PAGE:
Author: Victoria Sweet
Victoria Sweet recounts the years she worked as a physician at Laguna Honda Hospital in San Francisco, California, a large hospital for the chronically ill, the last functioning almhouse in the United States. The tradition of the Almhouses was to give shelter to the poor, to the old, to people who had lost economic and social support.
Because it was a long-stay institution, the relationships between patients, doctors, and other health professionals were deep and long-lasting. The patients were migrants, street dwellers, drug addicts, the destitute of society.
God’s Hotel has four basic axes. The essential axis is Dr. Sweet’s work with the patients, her learning throughout the years of medical practice, and the development of a philosophy that the characteristics of the place allowed because there was no pressure for financial results or an incentive for patient rotation. The doctors had time to evaluate the patients, exchange impressions and experiences, make the therapeutic proposals they considered important, and monitor the results of their care. They had simple technological and therapeutic resources, where addressing basic issues made all the difference in the patient’s recovery. In short, Slow Medicine.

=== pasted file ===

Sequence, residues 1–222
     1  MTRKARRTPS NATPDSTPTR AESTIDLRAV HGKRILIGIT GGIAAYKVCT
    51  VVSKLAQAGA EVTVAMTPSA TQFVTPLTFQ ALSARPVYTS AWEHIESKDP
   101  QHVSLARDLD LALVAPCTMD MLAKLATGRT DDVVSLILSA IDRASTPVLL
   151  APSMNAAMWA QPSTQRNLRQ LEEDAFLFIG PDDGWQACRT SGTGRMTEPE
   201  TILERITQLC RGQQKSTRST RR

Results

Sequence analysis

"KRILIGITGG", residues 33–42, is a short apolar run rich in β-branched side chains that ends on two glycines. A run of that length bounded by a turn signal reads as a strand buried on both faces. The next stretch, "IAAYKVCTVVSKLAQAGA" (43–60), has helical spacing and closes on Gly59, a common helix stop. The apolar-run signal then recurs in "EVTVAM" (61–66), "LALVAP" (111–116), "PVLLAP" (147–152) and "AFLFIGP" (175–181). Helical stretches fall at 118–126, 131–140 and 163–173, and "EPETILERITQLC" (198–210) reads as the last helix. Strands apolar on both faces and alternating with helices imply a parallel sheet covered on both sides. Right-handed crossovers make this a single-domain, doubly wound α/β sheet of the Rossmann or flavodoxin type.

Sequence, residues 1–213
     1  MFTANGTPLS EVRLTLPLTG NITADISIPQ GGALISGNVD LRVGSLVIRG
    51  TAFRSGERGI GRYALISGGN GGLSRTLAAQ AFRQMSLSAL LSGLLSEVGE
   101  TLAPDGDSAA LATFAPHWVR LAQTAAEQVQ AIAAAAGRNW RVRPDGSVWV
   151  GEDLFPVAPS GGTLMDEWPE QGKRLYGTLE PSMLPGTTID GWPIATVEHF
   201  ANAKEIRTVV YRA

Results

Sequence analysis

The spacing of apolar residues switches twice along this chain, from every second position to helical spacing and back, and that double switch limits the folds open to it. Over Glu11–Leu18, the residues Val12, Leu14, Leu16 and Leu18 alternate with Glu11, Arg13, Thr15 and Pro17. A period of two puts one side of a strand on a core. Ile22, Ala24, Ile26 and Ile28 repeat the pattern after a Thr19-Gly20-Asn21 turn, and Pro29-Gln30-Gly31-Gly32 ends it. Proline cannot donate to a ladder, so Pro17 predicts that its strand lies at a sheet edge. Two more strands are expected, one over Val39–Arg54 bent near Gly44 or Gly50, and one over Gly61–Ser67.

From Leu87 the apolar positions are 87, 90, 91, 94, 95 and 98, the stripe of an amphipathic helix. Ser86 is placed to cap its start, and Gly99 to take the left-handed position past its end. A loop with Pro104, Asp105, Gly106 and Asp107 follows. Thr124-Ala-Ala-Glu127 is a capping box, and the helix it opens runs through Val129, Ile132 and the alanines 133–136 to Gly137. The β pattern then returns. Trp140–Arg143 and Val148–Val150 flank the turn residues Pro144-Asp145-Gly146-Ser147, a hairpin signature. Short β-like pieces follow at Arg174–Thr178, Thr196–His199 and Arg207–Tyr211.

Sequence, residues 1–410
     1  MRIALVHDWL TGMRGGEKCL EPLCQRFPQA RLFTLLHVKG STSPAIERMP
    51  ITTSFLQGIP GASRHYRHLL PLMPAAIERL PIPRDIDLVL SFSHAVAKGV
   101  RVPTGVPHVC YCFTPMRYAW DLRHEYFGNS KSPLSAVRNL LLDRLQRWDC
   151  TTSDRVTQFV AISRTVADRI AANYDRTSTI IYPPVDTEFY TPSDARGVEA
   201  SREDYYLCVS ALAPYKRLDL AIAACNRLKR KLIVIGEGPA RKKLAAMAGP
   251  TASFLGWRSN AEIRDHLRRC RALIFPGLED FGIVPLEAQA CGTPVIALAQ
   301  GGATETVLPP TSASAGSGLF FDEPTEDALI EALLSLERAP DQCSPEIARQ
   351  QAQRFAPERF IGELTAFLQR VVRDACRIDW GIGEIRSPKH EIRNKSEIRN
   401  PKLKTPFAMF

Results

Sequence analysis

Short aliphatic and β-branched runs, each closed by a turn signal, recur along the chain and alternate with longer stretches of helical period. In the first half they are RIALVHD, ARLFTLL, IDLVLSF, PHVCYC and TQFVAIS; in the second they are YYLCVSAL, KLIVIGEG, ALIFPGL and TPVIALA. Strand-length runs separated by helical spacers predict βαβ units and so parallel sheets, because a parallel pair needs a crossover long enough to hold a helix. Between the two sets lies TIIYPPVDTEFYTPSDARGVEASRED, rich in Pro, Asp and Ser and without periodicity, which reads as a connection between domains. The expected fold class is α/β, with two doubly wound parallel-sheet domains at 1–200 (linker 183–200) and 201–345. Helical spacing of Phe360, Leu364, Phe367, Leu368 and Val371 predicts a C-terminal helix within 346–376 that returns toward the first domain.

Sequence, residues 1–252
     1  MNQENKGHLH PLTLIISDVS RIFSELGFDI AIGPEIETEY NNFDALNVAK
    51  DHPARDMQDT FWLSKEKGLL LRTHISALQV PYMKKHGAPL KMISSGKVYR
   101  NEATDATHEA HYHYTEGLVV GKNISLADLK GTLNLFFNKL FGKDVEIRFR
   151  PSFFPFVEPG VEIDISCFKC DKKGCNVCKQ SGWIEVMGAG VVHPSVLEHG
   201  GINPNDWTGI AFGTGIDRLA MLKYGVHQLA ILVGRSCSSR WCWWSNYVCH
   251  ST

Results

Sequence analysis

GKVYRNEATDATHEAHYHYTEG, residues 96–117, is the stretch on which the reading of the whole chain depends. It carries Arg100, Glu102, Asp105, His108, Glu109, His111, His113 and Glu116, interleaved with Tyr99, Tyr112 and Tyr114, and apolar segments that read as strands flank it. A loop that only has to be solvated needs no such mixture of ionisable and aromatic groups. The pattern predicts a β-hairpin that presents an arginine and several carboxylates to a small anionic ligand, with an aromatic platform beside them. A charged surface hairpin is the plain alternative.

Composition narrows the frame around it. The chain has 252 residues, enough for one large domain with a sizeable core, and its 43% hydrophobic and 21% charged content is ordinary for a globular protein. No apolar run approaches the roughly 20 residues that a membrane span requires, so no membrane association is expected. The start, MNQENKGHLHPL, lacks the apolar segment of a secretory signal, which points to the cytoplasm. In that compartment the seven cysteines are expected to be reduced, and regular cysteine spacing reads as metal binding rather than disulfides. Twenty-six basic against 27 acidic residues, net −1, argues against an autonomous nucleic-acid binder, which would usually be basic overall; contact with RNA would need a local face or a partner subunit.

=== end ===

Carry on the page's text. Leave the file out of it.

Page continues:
The book also covers Dr. Sweet’s studies in medical history. The life and work of Hildegard von Bingen, a Benedictine nun who lived in the Middle Ages in Germany, whose philosophy of work is explored in the book. Theologian, mystic, and artist, she left an extensive body of work, including a peculiar conception of health care. Her pre-modern medicine was based on the theory of humors, in which the caregiver was conceived as a gardener who cared for his patients as if he were caring for the plants in a garden.
Another axis is the author’s pilgrimage on the Camino de Santiago de Compostela, and the profound spiritual and experiential transformations that it provoked in her, including in her vision of medicine and patient care.
The book relates the changes that occurred over the years in the Hospital, and its transformation into a modern institution focused on rehabilitation. Most notably, the centuries-old humanistic philosophy of care, focused on the patient, has slowly evaporated in the name of technology, efficiency, and administrative management, characteristic of today’s health care models.
Victoria Sweet has the gift of prose. The book is enjoyable to read, has rhythm, and is enriching in many ways, both in a literary and spiritual sense. Essential reading for those who want to deepen their knowledge of Slow Medicine.
Book review wrote by José Carlos Campos Velho.